6/25/2018 2:30:00 PM
Minnesota’s unemployment rate for May dropped to 3.1 percent, with the addition of 10,200 jobs.
With those gains, the state has added 29,188 jobs in the past year, a 1 percent growth rate.
Unofficial data from the Current Population Survey continue to show better employment conditions for Minnesota’s black population. In May, the 12-month average unemployment rate for blacks fell to 6.1% for yet another all-time low (going back to 2000). This is well below the 12-month average of the national black rate of 7.0%, but still more than double the 2.6% rate for Minnesota’s white population. Black labor force participation rate increased again to 73.6%, more than 2 percentage points higher than the 71.5% rate for whites.
The employment situation for Minnesota’s Hispanic population also continues to improve, with an unemployment rate of 4.4% and a participation rate of 75.7%.
All regions except Rochester registered unadjusted over-the-year growth:
By now, thousands of high school graduates have walked across the stage to receive their diplomas. In 2016, more than 4,225 students graduated from high schools in the 23-county Southwest Minnesota planning region, ready to take on the world.
What do these students do after graduating? Minnesota's Statewide Longitudinal Education Data System – SLEDS – provides some insight. In Southwest Minnesota, about 71 percent of last year's graduates enrolled in college in the fall, while 22 percent found jobs and started working.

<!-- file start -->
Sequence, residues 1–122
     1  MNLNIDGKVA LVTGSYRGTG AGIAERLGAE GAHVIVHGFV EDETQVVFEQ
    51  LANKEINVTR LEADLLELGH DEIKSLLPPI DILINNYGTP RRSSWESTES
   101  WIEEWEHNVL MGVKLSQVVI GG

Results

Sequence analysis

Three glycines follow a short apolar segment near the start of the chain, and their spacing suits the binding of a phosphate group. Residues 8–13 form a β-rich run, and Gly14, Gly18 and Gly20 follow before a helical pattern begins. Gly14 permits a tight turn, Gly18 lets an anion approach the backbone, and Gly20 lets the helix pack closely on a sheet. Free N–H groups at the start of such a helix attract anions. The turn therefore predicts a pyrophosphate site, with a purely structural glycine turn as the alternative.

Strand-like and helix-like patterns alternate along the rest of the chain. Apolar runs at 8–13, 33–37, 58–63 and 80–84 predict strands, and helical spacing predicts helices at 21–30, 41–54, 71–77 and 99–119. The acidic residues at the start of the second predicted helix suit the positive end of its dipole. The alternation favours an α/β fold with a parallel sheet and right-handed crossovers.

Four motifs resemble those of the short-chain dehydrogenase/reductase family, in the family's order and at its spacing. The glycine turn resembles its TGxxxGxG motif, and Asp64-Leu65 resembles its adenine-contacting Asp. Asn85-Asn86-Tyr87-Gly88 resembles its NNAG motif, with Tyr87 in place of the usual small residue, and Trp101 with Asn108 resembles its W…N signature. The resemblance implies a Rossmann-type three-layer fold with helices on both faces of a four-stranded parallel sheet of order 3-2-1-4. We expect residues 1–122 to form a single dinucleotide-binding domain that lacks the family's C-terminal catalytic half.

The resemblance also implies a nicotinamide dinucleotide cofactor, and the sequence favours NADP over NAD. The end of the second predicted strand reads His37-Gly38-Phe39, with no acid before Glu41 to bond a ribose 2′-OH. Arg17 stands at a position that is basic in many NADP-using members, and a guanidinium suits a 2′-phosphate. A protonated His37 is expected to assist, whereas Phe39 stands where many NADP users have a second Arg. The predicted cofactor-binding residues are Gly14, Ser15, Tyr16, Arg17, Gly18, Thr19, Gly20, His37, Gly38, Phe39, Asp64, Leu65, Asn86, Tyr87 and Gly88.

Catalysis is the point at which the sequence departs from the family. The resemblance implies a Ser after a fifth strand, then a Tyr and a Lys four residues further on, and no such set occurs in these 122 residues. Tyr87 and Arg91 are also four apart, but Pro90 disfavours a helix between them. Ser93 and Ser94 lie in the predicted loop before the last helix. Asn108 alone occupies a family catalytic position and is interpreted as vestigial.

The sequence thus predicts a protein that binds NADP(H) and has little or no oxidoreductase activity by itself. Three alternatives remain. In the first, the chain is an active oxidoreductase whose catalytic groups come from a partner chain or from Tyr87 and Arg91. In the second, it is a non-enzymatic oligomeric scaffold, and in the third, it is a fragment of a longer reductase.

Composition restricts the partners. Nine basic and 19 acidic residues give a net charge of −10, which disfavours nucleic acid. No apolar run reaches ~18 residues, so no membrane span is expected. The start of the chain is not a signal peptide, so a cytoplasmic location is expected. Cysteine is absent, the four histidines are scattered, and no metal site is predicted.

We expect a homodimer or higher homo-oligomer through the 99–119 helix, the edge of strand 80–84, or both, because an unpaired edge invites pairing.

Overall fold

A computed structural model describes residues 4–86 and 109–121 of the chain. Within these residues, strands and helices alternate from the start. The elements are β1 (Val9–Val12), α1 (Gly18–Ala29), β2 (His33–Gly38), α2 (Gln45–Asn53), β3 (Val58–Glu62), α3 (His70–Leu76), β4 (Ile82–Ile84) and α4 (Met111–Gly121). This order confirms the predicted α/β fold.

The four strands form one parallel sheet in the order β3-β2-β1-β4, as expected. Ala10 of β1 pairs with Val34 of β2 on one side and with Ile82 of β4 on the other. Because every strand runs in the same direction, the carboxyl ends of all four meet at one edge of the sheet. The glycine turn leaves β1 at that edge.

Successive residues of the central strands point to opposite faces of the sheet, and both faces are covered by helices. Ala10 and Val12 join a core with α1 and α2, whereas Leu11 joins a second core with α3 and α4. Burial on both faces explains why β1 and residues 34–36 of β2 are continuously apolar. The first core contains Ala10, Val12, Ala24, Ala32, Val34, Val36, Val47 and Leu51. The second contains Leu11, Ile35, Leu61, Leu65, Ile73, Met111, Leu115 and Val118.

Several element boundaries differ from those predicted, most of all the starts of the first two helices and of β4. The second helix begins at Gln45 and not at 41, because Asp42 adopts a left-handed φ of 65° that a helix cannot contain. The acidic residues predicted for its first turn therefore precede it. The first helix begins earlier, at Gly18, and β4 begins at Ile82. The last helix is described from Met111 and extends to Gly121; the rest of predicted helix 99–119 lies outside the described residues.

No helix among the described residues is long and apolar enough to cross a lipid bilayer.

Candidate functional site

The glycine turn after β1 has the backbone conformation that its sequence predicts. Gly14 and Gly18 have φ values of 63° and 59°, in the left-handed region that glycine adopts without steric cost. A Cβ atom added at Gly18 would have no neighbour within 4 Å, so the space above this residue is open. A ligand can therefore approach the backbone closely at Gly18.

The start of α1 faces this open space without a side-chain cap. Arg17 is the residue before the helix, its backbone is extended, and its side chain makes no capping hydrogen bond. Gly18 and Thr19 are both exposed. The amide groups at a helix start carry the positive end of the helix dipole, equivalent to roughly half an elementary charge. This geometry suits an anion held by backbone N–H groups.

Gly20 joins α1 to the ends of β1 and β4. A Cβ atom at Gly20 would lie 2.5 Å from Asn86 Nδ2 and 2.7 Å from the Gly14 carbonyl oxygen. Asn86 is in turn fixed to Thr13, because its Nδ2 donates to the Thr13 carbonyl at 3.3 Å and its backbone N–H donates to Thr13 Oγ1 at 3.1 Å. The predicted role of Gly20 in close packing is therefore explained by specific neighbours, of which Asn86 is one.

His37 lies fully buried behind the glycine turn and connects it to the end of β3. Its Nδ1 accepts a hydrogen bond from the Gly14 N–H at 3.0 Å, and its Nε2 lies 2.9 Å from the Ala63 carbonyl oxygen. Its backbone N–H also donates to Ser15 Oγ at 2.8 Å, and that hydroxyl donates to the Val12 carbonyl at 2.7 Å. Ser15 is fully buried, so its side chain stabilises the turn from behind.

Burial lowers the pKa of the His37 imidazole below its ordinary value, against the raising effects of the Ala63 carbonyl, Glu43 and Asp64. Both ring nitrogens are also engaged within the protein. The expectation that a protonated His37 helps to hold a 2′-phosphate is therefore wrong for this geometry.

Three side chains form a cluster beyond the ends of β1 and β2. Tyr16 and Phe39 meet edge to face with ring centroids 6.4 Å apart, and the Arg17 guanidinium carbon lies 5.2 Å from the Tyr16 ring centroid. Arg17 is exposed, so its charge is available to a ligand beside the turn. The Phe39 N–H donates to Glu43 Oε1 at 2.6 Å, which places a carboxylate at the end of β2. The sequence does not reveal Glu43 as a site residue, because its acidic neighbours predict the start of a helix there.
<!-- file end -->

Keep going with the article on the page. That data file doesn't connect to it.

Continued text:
Graduates in Southwest Minnesota were slightly more likely to attend college than students across the state, and therefore slightly less likely to immediately join the workforce. The mix of colleges Southwest grads attended was also slightly different: A higher percentage of local students attended public four-year state universities (30 percent vs. 28 percent) and three percent more attended college in other states (32 percent vs. 29 percent), mainly North Dakota, South Dakota, and Iowa.
These students may be responding to the educational requirements of employment opportunities in the region, which were more likely to require vocational training or an associate degree than jobs statewide. Southwest also had a lower percentage of jobs requiring a bachelor's degree or higher, although there were high levels of demand for jobs across the entire educational spectrum.
See the Southwest Region’s Local Look.